Amr El-Zawawy has translated a poem, “حضارة الغرب”, by celebrated Iraqi poet Abdel-Wahhab Al-Bayyati: By Amr El-Zawawy The celebrated poet Abdel-Wahhab Al-Bayyati was born in Baghdad on Dec. 19, 1926 and died in exile on August 3, 1999. As a young man, he joined… Read More ›
In a lecture at the American University in Cairo last March, Iraqi poet and translator Sinan Antoon wove together poetics and politics, linking an understanding of translation as “extended mourning” with observations from his experience as a translator of Arabic poetry into English. Anny Gaul reflects on the lecture and the politics of translation.
This Monday, the new collection This Room is Waiting: Poems from Iraq and the UK will launch in Edinburgh. The collection features new works produced at the Reel Iraq poetry translation workshops in 2013. The workshops brought together four Iraqi poets, four British poets, and Lauren Pyott working as a bridge.
Last August, ArabLit ran a brief series on Iraqi poetry and Iraqi poetry in translation, interviewing Iraqi poets and those who translate Iraqi poetry.
For those in London on June 24.
For the first time, England’s International Foreign Fiction Prize (IFFP) has gone to a book translated from the Arabic: Hassan Blasim’s The Iraqi Christ, translated by Jonathan Wright.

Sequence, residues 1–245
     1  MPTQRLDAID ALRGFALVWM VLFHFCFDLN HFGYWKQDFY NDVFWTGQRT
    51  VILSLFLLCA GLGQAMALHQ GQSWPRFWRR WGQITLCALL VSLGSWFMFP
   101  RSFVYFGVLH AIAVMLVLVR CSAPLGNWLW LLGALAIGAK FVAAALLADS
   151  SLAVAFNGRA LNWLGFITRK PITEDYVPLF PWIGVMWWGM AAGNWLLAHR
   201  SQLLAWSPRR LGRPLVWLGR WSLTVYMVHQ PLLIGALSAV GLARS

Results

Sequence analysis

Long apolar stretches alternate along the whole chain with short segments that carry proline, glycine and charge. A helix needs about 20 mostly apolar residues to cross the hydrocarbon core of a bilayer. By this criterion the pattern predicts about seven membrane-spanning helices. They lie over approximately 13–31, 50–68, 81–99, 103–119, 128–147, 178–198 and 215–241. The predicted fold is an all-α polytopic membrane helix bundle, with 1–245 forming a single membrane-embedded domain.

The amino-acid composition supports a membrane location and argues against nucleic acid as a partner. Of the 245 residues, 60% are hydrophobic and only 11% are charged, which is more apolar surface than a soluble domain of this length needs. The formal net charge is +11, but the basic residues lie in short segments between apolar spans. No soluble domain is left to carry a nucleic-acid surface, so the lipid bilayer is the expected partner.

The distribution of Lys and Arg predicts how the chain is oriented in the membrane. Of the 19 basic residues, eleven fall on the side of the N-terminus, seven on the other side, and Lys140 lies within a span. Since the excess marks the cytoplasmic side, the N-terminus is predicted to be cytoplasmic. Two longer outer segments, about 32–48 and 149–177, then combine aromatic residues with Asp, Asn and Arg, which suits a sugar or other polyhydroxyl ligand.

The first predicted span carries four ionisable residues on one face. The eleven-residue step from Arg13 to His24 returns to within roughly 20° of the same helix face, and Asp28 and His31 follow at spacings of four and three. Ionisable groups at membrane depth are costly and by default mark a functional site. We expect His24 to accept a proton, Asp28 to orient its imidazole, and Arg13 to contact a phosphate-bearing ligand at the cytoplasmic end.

A cheer went up in the conference hall when the winner to the 2014 International Prize for Arabic Fiction was announced: It was Iraqi novelist Ahmed Saadawi for his novel, Frankenstein in Baghdad. The cheers were echoed across social media.
On Tuesday night, International Prize for Arabic Fiction (IPAF) judging chair Saad Albazei announced that Iraqi author Ahmed Saadawi had won the 2014 award for his novel Frankenstein in Baghdad.
Now in its third year, the Erbil International Literature Festival has been renamed NINITI, after a Sumerian healing goddess, to reflect 2014’s focus on women writers.
Al-Mustafa Najjar continues with his interviews of authors shortlisted for the 2014 International Prize for Arabic Fiction, discussing Inaam Kachachi’s novel Tashari with its author.
George Packer has a column in the April 7 New Yorker about “how soldiers write their wars,” which should be re-subtitled: “how US soldiers write their wars.” Which stories are we hearing and which are singing into the abyss?
Al-Mustafa Najjar, who reviewed Ahmed Saadawi’s International Prize for Arabic Fiction (IPAF)-shortlisted “Frankenstein in Baghdad,” also interviewed the author, who talks about his novel, including about how, “The element of fantasy adds a touch of joy to the work, mitigating its cruelty.”